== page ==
The ill-fated boat voyage from Sydney Harbor that led to the death of a high-profile art expert and the alleged death of a tech guru has raised several questions that remain unanswered.
There is no explanation available as to why Andrew Findlay, 51, and Native American art dealer Tim Klingender, 59, went out fishing in dangerous seas at 7:30 a.m. last Thursday as a southerly swell was breaking the shores of the eastern suburbs.
The 7.85 meter Brig Eagle inflatable fishing boat they set out in was hit by 5 meter waves and crashed onto rocks at The Gap in Watsons Bay at around 10am
The naked body of Mr. Klingender, clad only in socks, was found in rubble strewn among the rocks below Jacobs Ladder on South Head.
Perilous conditions persisting over the weekend prevented police from recovering evidence from the ship and tragically the search for Mr Findlay narrowed.
Questions linger as to why craft supremo Tim Klingender (above, with wife Skye McCardle) and his friend set out into rough seas without life jackets and crashed onto rocks, leaving the indigenous expert’s naked body to be found and Andrew Findlay still missing.
Tech entrepreneur Andrew Findlay, 51, is still missing after the fateful trip on a hard day of surfing in a fishing boat that ended up capsizing on the rocks of Watsons Bay.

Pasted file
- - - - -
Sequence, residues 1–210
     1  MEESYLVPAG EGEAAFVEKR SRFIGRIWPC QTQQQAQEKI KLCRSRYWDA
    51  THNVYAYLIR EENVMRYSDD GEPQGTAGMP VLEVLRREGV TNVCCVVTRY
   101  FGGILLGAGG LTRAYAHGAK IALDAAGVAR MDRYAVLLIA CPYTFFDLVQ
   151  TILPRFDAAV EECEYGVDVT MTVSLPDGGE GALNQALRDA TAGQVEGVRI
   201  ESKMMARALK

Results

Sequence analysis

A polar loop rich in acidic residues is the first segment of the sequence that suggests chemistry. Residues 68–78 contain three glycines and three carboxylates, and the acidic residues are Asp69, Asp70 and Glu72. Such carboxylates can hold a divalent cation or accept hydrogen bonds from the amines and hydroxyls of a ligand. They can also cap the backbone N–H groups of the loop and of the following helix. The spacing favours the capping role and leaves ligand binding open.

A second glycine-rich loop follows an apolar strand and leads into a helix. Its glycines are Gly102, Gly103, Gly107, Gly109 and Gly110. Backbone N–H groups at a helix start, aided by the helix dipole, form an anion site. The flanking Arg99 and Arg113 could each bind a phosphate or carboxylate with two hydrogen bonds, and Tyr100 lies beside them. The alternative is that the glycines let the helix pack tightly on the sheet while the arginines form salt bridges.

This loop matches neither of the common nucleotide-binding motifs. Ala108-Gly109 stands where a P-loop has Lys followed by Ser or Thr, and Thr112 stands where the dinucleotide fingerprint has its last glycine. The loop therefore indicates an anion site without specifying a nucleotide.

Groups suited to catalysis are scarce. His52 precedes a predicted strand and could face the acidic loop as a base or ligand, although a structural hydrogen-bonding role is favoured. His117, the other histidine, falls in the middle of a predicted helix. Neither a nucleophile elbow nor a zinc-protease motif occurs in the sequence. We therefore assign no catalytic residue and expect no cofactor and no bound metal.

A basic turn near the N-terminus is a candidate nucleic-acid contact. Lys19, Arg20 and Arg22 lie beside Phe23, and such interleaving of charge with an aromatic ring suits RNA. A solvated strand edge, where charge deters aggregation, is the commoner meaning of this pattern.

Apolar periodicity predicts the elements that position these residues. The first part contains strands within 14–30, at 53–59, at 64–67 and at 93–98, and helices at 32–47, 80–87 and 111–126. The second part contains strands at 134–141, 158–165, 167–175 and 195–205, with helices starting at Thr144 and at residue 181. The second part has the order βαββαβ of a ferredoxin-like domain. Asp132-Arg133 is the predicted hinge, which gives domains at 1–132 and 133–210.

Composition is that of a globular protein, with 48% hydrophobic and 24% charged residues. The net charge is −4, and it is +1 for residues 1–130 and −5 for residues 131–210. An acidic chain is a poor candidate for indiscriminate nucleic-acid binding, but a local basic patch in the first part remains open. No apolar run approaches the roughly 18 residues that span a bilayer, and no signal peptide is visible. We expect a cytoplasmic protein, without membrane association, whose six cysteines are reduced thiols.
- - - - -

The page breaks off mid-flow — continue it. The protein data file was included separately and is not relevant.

Mr Klingender is the father of two children with his wife Skye McCardle Klingender, while Mr Findlay has three children with his former partner Lizzie Kemp, who was once married to cricket legend Brett Lee.
Findlay socialized in celebrity circles in Sydney’s eastern suburbs and is close friends with model and Home and Away star Erika Heynatz and her husband Andrew Kingston, artist Daimon Downey and husband-and-wife musicians Angus McDonald and Connie Mitchel.
The friends are said to be “shocked to the core” by the disappearance and presumed death of Mr Findlay.
Comedian Magda Szubanksi led the tributes to Mr Klingender, who is credited with helping propel the likes of Emily Kame Kngwarreye and Rover Thomas to international star status, saying she “very much admired his amazing work promoting indigenous art”.
Klingender’s wife, Skye McCardle, is believed to have been away in Nepal and was due to return home at the time the tragedy occurred.
Here are the main questions that need to be answered ahead of an eventual NSW coroner’s inquest into the fatal crash:
Tim Klingender (above with Wik artists from Aurukun last December in Sydney) is credited with helping propel indigenous artists like Emily Kame Kngwarreye and Rover Thomas to international star status.
Why did they go out?
Police would later describe the waters off Bondi and Watsons Bay on Thursday morning as “rough sea conditions”. The water temperature in July was too cold for anyone who fell overboard to survive more than a day.
So why did the couple take such a risk to come out with such high stops when cautions and cautions were issued to surfers and boaters alike?
Police search the waters of Watsons Bay late last week after the offshore boating accident on Thursday ended with the probable deaths of Tim Klingender and Andrew Findlay.
How did the accident happen?
The 7.8-metre men’s inflatable boat, which weighs more than a ton, was said to have been traveling too close to the cliff at Watsons Bay.
Their journey began around 7:30am, heading south from Bondi towards Watsons Bay, when they began to encounter large waves battering the cliffs.